August 22, 2007
-- by Dave Johnson
The number of U.S. homes facing foreclosure surged 58 percent in the first six months of the year, the latest sign of mounting problems in the mortgage industry, a data firm said Monday.
... "We could easily surpass 2 million foreclosure filings by the end of the year, which would represent a year-over-year increase of over 65 percent," said RealtyTrac CEO James J. Saccacio.
California, Florida, Texas and Ohio were among the states with the highest number of homes receiving foreclosure-related notices, the firm said.
TrackBack URL for this entry:
Anyone facing foreclosure should be aware that there is one very important alternative to avoid the foreclosure and that is the Short Sale. A Short Sale is a proven way for a homeowner who owes more than the house is worth to avoid a foreclosure and the subsequent credit hit.
I would advise anyone facing foreclosure to discuss their situation with an experienced Realtor. Short Sales are not a part of real estate basic training but there are a number of educational seminars a Realtor can take to get up to speed. Lenders will pay a reasonable selling commission so Realtors have an incentive to get involved in Short Sale situations.
The basic requirements for a Short Sale are a Listing Agreement with a Realtor and a Sales Contract from a Buyer which are submitted to the Lender along with a Hardship Letter from the Seller explaining why they cannot continue to pay the mortgage and supporting documents such as tax returns, bank statements, information and photos of the home and the Comps, or comparative home prices supporting the offer. The way mortgages are sold, the lender can be anywhere in the country and certainly not aware of local real estate conditions.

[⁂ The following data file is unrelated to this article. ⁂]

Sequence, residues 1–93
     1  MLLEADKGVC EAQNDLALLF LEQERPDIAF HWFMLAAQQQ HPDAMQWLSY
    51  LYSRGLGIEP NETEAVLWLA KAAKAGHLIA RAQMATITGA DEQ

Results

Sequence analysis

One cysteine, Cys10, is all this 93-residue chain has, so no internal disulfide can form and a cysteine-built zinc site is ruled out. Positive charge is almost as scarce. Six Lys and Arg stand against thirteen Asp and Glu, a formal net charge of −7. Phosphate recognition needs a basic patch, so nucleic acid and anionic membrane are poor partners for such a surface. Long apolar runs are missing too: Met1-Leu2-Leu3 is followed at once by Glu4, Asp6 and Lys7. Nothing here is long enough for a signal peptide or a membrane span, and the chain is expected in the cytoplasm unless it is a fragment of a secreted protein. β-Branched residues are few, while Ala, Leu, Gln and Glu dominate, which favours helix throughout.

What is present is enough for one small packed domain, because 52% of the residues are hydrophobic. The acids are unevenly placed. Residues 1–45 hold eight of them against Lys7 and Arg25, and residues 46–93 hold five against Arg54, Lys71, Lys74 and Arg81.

If the package is complete, the Lender will order a BPO, or Broker's Price Opinion, from an independent Realtor. Ths BPO is the key to the whole process. If it is too high, the Lender will not accept a low offer. Your Realtor can meet with the Agent doing the BPO and offer information supporting the offer, such as the average time on market of comparable homes, recent selling prices and point out any defects in the home. Most Lenders will accept an offer lower than the BPO, but usually not much more than 10% lower, though that will vary depending on the company.
The sales contract should specifically state that the offer is contingent on the Lender accepting the purchase price in full and forgiving the Seller the deficiency on the mortgage. Yes, there can be tax consequences. The Seller does receive a 1099 on the forgiven part of the mortgage, but there are provisions in the tax code for the offset of the phantom income due to insolvency. Most Short Sellers will satisfy the insolvency requirements or the Lender would not be allowing the Short Sale in the first place. Be aware too that if the home goes to foreclosure, a 1099 is received for the FULL amount of the mortgage, plus late fees, legal fees etc. Obviously every situation is different so a CPA or tax attorney should be consulted.
The process does all take time and Lenders are swamped, expect at least 2-3 months before a sale can be finalized, even if the Lender accepts the first offer. If they do not, the price can be negotiated.
I am a Realtor, a Broker Associate and I am involved in Short Sales. It is a detailed but fairly straightforward process that can work to benefit Buyer, Seller and even the Lender. The Buyer gets a good price on a home, the Seller gets to avoid the disruption and credit hit of a foreclosure and the Lender avoids the delay and expense of foreclosing on a property they don't want to own and that would negatively impact their ability to make more loans.
All this information is available on the web site
Posted by: RealBritFL at August 22, 2007 8:12 PM
Post a comment
Thanks for signing in, . Now you can comment. (sign out)(If you haven't left a comment here before, you may need to be approved by the site owner before your comment will appear. Until then, it won't appear on the entry. Thanks for waiting.)